Short Communication
A Brief Overview of Nerve Gas
David M Benjamin*
Corresponding Author: David M Benjamin, Ph.D., Clinical Pharmacologist & Toxicologist, F-AAFS, FCP, FCLM, FASHRM, Affiliate Associate Professor, Department of Pharmaceutical Sciences, School of Pharmacy, Northeastern University, Boston, MA, USA.
Received: June 06, 2022; Revised: June 27, 2022; Accepted: June 30, 2022 Available Online: July 21, 2022
Citation: Benjamin DM. (2022) A Brief Overview of Nerve Gas. J Pharm Drug Res, 5(3): 613-614.
Copyrights: ©2022 Benjamin DM. This is an open-access article distributed under the terms of the Creative Commons Attribution License, which permits unrestricted use, distribution, and reproduction in any medium, provided the original author and source are credited.
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In March 1995, a terrorist cult group led by an individual named Aum Shinrikyo (“Supreme Truth”) terrorized the people of Tokyo by releasing an organophosphate nerve gas called Sarin into the Tokyo subway system. This terrorist attack killed 12 people and injured more than 5500 people. The gas had been concealed in lunchboxes and soft drink containers and was released at several points along the Tokyo subway system. Sarin is a liquid at room temperature and becomes a gas as it mixes with the air in the surrounding area. Because the gas was poorly volatilized (converted to a gas) many victims first experienced ophthalmic and respiratory signs and symptoms due to direct contact. Had the Sarin been more completely volatilized, many more people would have been injured or killed. If the attack had been carried out during the summer when people wore sleeveless shirts and shorts, the toxic agent could have been absorbed through the skin and, once again, many more people would have been injured or killed. This was the same toxic nerve gas allegedly used by the Syrian government against its citizens who were protesting against the government.
Organophosphate nerve gases like Sarin, Tabun, Soma and diisopropyl fluorophosphate (DFP) were developed in Germany during the 1930s and used by the Nazis against American and allied troops. Because these chemicals are heavier than air, they tend to stay close to the ground and can easily incapacitate people at ground level or in trenches.
Organophosphate nerve gases are structurally related to a similar class of pesticides/insecticides which include Malathion and Parathion. The organophosphates derive their name because their structures represent modifications of phosphoric acid. A schematic representation of the simple phosphoric acid molecule, H3PO4, is shown in Figure 1.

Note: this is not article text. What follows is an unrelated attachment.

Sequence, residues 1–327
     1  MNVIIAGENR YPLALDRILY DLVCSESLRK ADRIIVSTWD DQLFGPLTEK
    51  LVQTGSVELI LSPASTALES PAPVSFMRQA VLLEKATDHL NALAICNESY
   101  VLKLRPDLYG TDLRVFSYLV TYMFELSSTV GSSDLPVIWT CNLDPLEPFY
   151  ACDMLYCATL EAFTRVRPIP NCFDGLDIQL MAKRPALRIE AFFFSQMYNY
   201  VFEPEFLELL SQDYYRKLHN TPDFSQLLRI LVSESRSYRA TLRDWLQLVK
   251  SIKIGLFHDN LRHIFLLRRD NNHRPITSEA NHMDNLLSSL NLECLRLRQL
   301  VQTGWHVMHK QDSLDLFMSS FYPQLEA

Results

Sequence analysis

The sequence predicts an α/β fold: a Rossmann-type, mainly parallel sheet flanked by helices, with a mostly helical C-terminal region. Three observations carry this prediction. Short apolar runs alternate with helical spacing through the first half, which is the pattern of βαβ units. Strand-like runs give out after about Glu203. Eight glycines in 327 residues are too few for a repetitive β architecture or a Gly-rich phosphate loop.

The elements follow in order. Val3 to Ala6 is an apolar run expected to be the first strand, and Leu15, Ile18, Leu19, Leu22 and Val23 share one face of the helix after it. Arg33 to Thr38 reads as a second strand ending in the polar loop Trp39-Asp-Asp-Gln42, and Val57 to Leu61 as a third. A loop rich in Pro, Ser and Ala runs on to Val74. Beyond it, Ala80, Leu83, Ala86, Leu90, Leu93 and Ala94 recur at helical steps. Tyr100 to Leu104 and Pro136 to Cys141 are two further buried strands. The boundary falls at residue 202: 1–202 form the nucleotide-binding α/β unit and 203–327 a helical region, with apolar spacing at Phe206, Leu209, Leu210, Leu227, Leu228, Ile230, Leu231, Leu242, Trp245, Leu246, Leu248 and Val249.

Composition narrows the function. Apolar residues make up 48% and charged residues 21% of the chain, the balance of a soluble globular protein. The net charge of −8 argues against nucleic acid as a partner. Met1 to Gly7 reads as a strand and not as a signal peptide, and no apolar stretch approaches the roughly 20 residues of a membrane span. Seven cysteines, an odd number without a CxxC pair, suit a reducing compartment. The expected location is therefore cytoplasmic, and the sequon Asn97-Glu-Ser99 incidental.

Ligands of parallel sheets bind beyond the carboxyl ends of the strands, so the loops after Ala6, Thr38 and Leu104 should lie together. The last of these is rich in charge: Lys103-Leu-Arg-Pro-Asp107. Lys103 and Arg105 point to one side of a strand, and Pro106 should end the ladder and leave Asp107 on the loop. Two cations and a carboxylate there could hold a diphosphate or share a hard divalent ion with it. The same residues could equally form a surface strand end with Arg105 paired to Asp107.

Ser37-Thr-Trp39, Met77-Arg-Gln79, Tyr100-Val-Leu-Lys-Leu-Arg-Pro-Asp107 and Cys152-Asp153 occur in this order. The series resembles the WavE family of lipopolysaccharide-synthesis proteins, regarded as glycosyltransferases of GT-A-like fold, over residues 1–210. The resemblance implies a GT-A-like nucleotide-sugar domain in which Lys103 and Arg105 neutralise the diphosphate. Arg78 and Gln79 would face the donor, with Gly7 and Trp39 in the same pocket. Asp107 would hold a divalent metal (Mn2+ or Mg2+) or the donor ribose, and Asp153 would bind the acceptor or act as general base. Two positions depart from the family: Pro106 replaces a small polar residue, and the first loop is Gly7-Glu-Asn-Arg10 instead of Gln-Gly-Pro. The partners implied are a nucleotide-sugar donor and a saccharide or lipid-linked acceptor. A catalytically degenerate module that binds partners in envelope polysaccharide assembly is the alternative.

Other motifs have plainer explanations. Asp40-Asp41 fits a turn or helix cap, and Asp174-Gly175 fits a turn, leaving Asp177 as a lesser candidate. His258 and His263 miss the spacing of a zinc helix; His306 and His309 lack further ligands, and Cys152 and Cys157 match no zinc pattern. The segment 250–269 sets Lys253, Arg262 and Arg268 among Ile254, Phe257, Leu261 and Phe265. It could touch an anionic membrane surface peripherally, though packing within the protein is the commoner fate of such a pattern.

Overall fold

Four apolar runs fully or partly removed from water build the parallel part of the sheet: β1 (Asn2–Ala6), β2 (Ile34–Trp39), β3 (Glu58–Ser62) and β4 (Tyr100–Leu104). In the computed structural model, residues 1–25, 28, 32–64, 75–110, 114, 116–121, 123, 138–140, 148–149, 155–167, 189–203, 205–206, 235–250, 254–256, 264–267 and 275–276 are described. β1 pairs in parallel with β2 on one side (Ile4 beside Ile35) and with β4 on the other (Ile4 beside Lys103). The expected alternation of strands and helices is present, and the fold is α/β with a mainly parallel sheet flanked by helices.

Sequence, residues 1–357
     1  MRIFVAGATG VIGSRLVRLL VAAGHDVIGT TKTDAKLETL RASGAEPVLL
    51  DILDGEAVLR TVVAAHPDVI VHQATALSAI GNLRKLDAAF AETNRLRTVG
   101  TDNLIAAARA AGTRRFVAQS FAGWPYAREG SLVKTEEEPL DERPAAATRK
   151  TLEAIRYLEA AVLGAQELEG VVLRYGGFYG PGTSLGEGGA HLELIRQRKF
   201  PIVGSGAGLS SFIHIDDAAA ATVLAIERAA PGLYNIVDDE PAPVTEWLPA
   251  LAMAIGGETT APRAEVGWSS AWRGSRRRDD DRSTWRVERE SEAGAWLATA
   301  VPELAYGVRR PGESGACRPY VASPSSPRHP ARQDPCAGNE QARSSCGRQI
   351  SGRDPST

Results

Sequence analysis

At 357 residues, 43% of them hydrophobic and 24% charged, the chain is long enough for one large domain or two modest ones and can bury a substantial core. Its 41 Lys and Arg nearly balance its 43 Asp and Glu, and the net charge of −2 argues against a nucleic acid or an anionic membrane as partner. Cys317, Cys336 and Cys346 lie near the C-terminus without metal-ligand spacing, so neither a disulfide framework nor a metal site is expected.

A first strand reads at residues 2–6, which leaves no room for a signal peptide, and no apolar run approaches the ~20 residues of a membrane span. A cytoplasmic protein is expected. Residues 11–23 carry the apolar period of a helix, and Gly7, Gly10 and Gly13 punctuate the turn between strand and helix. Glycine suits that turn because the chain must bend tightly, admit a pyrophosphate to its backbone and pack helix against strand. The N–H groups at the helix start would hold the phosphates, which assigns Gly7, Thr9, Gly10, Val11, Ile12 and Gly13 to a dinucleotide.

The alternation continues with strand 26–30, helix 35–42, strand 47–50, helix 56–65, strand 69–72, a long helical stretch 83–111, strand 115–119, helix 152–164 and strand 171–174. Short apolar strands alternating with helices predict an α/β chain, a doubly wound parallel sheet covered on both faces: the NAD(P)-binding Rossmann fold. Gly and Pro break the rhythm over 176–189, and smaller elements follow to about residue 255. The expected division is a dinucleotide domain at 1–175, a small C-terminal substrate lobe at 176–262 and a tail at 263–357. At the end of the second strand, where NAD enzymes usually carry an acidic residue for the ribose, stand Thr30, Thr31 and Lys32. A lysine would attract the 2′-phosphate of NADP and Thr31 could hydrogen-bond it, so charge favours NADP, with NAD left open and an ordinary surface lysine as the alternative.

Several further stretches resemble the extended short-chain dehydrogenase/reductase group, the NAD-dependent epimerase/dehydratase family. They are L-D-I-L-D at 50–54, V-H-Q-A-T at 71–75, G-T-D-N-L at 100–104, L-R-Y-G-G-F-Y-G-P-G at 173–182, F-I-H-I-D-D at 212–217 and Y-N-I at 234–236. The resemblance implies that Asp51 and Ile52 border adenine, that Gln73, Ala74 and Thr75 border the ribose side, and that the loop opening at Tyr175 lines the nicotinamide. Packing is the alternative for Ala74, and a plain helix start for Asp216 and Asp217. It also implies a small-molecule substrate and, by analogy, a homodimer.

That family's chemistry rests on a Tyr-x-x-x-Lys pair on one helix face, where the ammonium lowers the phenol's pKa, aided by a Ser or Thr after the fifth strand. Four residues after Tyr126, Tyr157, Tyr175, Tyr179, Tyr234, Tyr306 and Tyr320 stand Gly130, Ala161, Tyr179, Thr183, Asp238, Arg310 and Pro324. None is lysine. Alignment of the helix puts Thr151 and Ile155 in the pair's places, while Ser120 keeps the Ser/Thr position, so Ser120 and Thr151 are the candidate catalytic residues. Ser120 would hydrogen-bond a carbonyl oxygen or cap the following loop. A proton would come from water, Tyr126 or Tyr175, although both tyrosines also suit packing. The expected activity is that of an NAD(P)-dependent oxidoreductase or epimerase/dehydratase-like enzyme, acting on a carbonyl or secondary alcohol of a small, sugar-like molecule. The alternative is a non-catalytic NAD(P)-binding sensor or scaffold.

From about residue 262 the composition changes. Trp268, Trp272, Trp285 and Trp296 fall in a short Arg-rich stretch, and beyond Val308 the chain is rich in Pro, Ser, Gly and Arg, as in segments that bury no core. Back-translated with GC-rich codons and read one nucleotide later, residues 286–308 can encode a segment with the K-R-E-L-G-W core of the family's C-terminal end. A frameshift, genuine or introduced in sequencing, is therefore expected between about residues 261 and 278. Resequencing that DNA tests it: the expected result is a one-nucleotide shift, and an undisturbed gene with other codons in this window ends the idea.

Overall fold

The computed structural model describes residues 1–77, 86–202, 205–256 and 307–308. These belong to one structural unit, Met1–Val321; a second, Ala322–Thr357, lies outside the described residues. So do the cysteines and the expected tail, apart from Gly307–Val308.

In order to convert the simple phosphoric acid molecule to a deadly nerve gas, the hydroxyl groups (OH) are substituted or replaced by different organic substituents such as a methyl (CH3), ethyl (C2H5) or isopropyl side chains (C3H7 arranged in sort of a “T” configuration around the P molecule, or a sulfur (S) or fluorine (F) molecule.
Organophosphate compounds produce their toxic effects by interfering with normal nerve conduction. When nerves send messages to one another, they communicate by releasing a neurotransmitter from the end of the first (pre-synaptic) neuron which diffuses across a space called the “synapse” between the neurons and the space is called called the synapse or synaptic cleft. When the neurotransmitter reaches the postsynaptic neuron, it stimulates or depolarizes the postsynaptic neuron causing it to generate an “action potential” which travels down the neuron and then synapses either with another neuron or with its end-organ, which can be a muscle or gland. Although there are many different neurotransmitters in the human nervous system, the organophosphates specifically interfere with those neurons using acetylcholine (ACh) as a neurotransmitter. These neurons are called cholinergic neurons. In order to inactivate the acetylcholine to avoid continued stimulation and allow the neuron to return to its resting state, postsynaptic cholinergic neurons possess an enzyme called cholinesterase (AChE) which hydrolyzes (cleaves with water) the acetylcholine and permits the neuron to repolarize and return to its resting state. It is the cholinesterase enzyme that is the target of organophosphate chemical weapons. When AChE is inactivated, the cholinergic neurons continue to fire producing a constellation of cholinergic signs and symptoms throughout the body, the most common of which are excessive salivation and increased secretions in the lungs as well as constriction of the pupils of the eye accompanied by an urge to urinate and defecate. The most common cause of death is paralysis of the diaphragm and the intercostal muscles involved with breathing which leads to suffocation. However, depending on the physical-chemical properties of the particular nerve gas, distribution to the brain can also occur which may result in seizures.